Indians enjoy happy sex lives, but know little till 15June 29th, 2008 - 12:38 pm ICT by IANS
By Kavita Bajeli-Datt
New Delhi, June 29 (IANS) Indians lead fulfilling sex lives but get their first formal sex education at a little over 15 years of age as compared to the West where lessons on the birds and the bees start from 12, says a new global study Though Indians know how to protect themselves from sexually transmitted infections and HIV/AIDS, awareness on how to avoid pregnancy is very low.
These are the findings of the “Face of Global Sex 2008 - The path to sexual confidence” survey conducted among 26,000 people in 26 countries by condom manufacturer Durex to explore the effectiveness of sex education.
“India starts sex education for children a little after 15 years, though in Western countries it starts from 12 onwards,” the report said.
This could be one of the reasons why Indians had little knowledge of how to avoid pregnancy. Indians scored a mere 70 percent, even less than Japan at 70.9 percent. The highest was scored by South Africa (86.5 percent) and Spain (86 percent).
“These results highlight the need for good school-based education. Unfortunately, in many countries high quality school-based sexual education is lacking,” the report said.
The study also found that most Asian countries fell well behind Western countries when it came to being confident about protecting themselves against sexually transmitted infections (STIs) and HIV/AIDS.
It pointed out that in Mexico, a child receives formal sex education at the age of 12 - perhaps the reason why its people scored one of the highest (81.6 percent) on overall confidence about sex.
“Comprehensive and inclusive sex education between the ages of 11 and 16 is vital for people to develop sexual confidence in later life. Also, those who have more confidence are better equipped to protect themselves against STIs and unwanted pregnancies,” it said.
In Asia, India and China are the two countries that start sex education in school when children are 15 years and above. Other countries in the region start education either a little before or a little after a child turns 14.
Indians, however, seemed to fare better as far as other Asian countries were concerned on knowing where to go for help and guidance on sex.
While India scored 68.8 percent, Malaysia stood at 67.6 percent and China scored 66.1 when it came to knowing where to go for help on sex. The other countries were Singapore (66.1 percent), Hong Kong (63.2 percent) and Thailand (61.7 percent).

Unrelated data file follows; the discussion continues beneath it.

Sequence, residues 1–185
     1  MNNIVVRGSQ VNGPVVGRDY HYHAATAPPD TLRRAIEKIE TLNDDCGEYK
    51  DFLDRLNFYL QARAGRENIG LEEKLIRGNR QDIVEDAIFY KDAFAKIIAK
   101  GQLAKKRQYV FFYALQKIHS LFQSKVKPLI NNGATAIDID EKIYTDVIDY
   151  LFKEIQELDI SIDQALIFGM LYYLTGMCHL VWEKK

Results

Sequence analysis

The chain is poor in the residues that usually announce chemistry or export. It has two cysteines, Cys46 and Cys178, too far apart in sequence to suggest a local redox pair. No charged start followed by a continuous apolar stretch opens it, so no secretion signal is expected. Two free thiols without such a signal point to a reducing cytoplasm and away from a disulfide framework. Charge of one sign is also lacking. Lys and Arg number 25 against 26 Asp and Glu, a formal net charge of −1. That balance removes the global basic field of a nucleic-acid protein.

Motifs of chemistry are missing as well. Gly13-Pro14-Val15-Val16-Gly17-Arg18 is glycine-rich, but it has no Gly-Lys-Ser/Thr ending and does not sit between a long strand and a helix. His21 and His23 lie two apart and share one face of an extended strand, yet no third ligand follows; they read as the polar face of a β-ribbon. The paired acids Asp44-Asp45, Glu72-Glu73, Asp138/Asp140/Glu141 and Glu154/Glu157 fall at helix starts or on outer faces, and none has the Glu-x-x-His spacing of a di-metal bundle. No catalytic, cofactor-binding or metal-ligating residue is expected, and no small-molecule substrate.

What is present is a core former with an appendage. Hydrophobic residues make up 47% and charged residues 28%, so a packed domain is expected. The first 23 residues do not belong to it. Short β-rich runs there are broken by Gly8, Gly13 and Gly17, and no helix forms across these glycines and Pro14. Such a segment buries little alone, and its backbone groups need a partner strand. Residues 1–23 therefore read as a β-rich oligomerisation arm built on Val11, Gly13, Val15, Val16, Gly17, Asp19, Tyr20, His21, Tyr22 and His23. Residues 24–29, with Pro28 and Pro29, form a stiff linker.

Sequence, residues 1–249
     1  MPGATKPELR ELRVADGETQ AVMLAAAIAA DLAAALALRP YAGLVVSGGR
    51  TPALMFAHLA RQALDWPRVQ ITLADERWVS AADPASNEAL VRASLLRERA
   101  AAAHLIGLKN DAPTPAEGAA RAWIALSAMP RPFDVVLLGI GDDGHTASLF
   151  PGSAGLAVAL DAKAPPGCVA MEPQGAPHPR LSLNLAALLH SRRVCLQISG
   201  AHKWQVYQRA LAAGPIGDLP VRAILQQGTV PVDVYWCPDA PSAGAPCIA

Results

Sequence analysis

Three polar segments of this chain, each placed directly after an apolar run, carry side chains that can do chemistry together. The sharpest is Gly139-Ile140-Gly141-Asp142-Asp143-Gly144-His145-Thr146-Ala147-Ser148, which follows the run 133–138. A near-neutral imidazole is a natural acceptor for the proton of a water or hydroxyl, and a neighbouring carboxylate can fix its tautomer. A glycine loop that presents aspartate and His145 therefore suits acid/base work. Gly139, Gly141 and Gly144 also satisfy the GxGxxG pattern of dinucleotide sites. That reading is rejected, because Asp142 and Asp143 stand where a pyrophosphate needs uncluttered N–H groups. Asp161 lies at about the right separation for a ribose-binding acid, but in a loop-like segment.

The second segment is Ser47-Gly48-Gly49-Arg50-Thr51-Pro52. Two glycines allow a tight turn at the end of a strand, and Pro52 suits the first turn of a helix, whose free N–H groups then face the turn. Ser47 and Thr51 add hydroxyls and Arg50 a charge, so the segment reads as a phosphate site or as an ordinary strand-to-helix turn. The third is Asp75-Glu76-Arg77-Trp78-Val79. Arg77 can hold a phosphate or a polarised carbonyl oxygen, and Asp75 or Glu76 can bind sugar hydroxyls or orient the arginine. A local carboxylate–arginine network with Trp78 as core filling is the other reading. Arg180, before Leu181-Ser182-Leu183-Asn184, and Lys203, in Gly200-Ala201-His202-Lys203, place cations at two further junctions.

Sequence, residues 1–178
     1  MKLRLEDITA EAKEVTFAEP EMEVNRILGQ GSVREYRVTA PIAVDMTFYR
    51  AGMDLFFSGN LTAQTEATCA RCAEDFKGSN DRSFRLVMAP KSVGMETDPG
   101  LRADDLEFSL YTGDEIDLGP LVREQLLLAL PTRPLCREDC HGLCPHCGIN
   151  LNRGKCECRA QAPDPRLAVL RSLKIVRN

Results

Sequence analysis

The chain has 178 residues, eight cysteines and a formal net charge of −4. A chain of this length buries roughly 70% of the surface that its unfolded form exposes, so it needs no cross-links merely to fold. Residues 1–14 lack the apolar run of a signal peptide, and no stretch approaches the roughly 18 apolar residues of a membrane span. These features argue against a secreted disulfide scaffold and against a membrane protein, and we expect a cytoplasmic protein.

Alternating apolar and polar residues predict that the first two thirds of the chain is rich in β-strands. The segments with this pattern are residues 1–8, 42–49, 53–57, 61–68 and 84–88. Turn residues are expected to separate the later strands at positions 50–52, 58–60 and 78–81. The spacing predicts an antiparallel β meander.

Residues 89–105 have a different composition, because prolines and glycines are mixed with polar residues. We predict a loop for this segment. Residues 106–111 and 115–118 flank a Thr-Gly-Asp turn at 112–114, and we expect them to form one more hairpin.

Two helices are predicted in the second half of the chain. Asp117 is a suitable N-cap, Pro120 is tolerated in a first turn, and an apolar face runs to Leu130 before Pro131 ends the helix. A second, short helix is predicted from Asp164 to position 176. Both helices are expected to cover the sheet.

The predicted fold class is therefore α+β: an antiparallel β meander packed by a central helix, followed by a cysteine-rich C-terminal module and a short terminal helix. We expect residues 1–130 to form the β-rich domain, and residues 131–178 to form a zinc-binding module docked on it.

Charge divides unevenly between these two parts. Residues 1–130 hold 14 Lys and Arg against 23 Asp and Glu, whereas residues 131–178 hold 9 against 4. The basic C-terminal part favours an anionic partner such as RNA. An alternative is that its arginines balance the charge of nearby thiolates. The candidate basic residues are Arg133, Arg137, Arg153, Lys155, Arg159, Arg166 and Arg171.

The survey showed that Japan scored less in terms of most criteria - not only in Asia but globally too. Despite Japan starting sex education at 12 years, they are the least confident about sex (58.8 percent), have no idea whom to turn to for guidance (42.4 percent) and how to avoid pregnancy (70.9 percent).
No wonder people in Japan do not lead a happy and fulfilling sex life. They scored 54.3 percent - the lowest in the world - with the highest scored by Brazil (79.6 percent), Mexicans (78.4 percent) and Nigerians (78.2 percent) in this aspect.
India scored 72.4 percent as far as having a good sex life was concerned. As compared to other Asian countries, it scored a little less than Malaysia that got 73.5 percent.
In this aspect, India was also better off than Germany, France, Australia, Poland, Russia, Singapore and Thailand as far as having a fulfilling sex life is concerned, the report said.
The report found that although parents and guardians were the most successful confidence boosters, they were only listed as the eighth most likely source to be approached for sex education - falling well behind friends, the internet and TV.
There were also distinct gender differences in terms of where people go for information on sexual issues. Males were more likely to use the media - magazines, the internet, TV and radio - or institutional sources.
Females, on the other hand, preferred more interpersonal sources, such as parents, partners, family and doctors.